Laser technology that destroys tumours
In a breakthrough in the world of surgery, scientists have developed a laser technique that heats up and destroys kidney and liver tumours. Read on to know more.health and fitness Updated: Oct 16, 2010 18:20 IST
Scientists have developed a technique that heats up and destroys kidney and liver tumours.
Physicians at Mayo Clinic's Florida campus are the first to use a technique known as MRI-guided laser ablation to heat up and destroy kidney and liver tumours.
So far, five patients have been successfully treated — meaning no visible tumours remained after the procedure.
Although the treatment techniques are in the development stage, the physicians have said the treatment is potentially beneficial against most tumors in the body — either primary or metastatic — as long as there are only a few in an organ and they are each less than 5 centimetres in size.
"Laser ablation offers us a way to precisely target and kill tumours without harming the rest of an organ. We believe there are a lot of potential uses of this technique — which is quite exciting," said Eric Walser of the Mayo Clinic.
The procedure is performed inside an MRI machine, which can precisely monitor temperature inside tumours.
A special non-metal needle is inserted directly into a tumour, and the laser is turned on to deliver light energy. Physicians can watch the temperature gradient as it rises, and they can see exactly in the organ where the heat is.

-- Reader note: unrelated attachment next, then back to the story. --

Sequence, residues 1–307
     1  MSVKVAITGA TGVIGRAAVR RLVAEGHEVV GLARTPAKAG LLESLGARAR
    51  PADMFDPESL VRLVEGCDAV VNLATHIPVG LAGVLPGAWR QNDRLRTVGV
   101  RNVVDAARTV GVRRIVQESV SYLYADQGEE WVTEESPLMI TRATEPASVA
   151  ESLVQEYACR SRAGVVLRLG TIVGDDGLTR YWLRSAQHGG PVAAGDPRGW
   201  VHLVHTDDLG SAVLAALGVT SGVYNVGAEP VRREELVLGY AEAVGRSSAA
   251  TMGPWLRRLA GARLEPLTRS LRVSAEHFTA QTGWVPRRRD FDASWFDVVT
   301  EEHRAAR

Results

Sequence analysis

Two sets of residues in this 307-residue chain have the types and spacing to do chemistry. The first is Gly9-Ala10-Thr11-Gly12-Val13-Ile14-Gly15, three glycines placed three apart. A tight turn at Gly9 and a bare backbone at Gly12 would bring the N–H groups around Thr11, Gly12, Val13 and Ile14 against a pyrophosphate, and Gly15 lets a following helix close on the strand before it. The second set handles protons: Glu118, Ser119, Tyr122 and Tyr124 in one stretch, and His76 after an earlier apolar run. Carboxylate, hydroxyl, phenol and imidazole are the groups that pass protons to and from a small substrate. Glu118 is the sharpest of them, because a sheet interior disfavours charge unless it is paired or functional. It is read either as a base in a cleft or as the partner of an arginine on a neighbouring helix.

When the tumour and a bit of tissue that surrounds it is heated to the point of destruction — which can be clearly seen on monitors — the laser is turned off. In larger tumours, several needles are inserted simultaneously.
Post-treatment side effects include some local pain and flulike symptoms as the body reacts to, and absorbs, the destroyed tissue, he said.
Walser added that laser ablation is a much more precise technology than similar methods that use probes, such as radio frequency ablation, which also raises a tumor's temperature, and cryotherapy, which freezes tumours.
David Woodrum of the Mayo Clinic presented the results at the meeting of the Society of Interventional Radiology.